The Islamic State of Iraq and Syria (ISIS) has changed its name to Islamic State (IS) and declared itself a caliphate. IS has made gains in Iraq since they captured Mosul and has had jihadists from other groups swear allegiance to them. Al Qaeda never went as far as to asset a caliphate, and in their ambitions IS may have surpassed Al Qaeda and if the global community hasn’t already, it is time to sit up and pay attention.

For ideological jihadists, the caliphate is the ultimate aim, and IS has come closest to realising that vision. There exists a certain amount of nostalgia for the caliphate, and this publicity stunt will help IS recruit young radicals from all over the globe as well garner some conservative popular support from Muslim countries including Pakistan. Numbers of Muslim youth from the US, UK, the Sinai, Jordan, Gaza and Indonesia have been reported to have traveled to Iraq and Syria to take up the IS cause as well as fight against the Syrian government.

The Iraqi government’s pleas for international intervention may be helped by the declaration of a caliphate. What is the international community going to do? The US has been on the fence about what to do with Iraq; will they let the situation further escalate? Russia already has its plane in Iraq with Syrian support. The only counter to ISIS is regional. Turkey won’t support the IS ideology and just had its diplomats kidnapped in Mosul. Iran is already countering IS and is sick of radial Sunnism. Iran doesn’t want to lose an ally in Baghdad that is more important than even Assad in Syria. They are reportedly airlifting over a hundred tons of supplies to Baghdad daily, and forces have been deployed weeks ago. Yet, beyond the Middle East, in South Asia, in Africa and even East Asia, Muslims may actually agree with the Islamic State’s call to arms.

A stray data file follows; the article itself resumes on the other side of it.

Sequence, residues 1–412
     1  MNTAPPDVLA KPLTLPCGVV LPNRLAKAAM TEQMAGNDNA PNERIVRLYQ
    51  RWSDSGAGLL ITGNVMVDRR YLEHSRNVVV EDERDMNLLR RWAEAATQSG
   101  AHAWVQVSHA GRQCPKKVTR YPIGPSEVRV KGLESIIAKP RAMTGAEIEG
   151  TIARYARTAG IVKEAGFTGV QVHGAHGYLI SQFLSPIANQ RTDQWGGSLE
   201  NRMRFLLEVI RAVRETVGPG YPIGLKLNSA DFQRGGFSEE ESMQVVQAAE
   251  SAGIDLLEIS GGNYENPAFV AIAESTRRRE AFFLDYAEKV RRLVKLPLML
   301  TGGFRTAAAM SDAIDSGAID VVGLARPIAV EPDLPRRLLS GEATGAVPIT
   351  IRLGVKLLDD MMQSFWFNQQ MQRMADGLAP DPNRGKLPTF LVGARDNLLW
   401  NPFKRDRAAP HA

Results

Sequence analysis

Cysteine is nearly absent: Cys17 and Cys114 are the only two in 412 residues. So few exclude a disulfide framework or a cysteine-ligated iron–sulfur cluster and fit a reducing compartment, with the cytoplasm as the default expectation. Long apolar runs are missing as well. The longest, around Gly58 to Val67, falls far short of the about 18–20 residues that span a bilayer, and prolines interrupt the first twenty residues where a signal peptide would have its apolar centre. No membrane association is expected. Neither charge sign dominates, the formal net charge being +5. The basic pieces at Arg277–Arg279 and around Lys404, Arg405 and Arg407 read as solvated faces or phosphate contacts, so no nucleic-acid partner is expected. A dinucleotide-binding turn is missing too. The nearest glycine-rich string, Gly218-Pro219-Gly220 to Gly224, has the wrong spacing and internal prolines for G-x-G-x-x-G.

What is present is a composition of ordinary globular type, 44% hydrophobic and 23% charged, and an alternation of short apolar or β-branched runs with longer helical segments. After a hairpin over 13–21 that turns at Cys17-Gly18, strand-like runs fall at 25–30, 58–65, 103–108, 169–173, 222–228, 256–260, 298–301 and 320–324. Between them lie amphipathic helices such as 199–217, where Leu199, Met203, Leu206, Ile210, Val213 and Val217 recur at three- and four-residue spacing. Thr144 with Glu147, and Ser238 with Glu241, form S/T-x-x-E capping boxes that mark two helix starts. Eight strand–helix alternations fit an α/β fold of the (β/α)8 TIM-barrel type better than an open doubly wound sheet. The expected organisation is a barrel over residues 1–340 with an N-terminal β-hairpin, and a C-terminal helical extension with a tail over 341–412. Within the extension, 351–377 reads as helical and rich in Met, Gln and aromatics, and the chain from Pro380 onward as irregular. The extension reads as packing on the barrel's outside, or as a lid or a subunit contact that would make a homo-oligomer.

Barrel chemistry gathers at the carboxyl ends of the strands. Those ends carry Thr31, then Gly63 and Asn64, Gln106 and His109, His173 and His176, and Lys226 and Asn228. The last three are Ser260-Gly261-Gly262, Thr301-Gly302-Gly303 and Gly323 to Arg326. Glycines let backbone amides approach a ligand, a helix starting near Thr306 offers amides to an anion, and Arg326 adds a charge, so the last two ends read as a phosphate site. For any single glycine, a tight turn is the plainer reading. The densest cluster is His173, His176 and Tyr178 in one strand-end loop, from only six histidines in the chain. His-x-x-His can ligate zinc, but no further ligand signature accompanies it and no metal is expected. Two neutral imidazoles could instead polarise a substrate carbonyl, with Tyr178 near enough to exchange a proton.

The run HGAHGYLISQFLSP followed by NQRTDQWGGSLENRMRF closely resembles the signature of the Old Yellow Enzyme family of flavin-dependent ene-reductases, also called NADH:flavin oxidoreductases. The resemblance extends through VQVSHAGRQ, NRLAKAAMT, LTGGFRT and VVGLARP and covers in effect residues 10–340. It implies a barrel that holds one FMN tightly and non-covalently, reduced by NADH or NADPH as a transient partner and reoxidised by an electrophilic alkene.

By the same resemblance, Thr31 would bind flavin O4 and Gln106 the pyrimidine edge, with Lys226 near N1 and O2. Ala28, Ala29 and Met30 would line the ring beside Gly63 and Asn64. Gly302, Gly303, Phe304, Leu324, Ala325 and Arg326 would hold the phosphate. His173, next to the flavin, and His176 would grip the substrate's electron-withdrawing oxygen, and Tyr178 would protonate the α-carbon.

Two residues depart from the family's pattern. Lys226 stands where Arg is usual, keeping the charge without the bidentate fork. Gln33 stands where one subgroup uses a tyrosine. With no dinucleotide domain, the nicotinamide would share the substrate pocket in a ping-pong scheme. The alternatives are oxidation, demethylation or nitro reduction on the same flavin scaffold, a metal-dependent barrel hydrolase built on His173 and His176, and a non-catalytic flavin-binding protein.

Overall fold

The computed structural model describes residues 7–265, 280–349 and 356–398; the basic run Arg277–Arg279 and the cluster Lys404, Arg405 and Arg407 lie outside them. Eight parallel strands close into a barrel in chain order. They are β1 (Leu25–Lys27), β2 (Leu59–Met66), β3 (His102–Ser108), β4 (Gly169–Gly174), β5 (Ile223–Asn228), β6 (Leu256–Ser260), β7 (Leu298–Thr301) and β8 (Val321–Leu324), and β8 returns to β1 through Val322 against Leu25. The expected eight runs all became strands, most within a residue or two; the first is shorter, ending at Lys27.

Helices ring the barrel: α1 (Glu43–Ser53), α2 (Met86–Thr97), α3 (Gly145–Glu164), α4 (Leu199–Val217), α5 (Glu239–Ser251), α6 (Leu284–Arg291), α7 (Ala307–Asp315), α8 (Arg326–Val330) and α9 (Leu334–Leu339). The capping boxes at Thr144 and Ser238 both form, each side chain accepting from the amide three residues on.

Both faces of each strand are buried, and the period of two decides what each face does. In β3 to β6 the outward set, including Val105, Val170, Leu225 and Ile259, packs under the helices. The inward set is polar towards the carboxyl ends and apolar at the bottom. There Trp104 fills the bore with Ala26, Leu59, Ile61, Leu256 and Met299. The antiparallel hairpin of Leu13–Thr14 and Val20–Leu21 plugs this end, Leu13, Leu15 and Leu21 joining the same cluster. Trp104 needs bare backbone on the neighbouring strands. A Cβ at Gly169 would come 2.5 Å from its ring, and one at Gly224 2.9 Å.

Things are different this time around. IS doesn’t want to destroy the US like Al Qaeda; it wants to carve out a state, and break territorial boundaries constructed by colonial rule. It wants to break the borders of Iraq, Jordan and Lebanon and free Palestine. And by state, it means Caliphate. The modern nation state and its trappings hold no importance for IS. IS has assets in the low billions and a very efficient bureaucratic governing structure. It would not have made such a statement, if it wasn’t ready for a backlash form opposing jihadist groups as well as international players.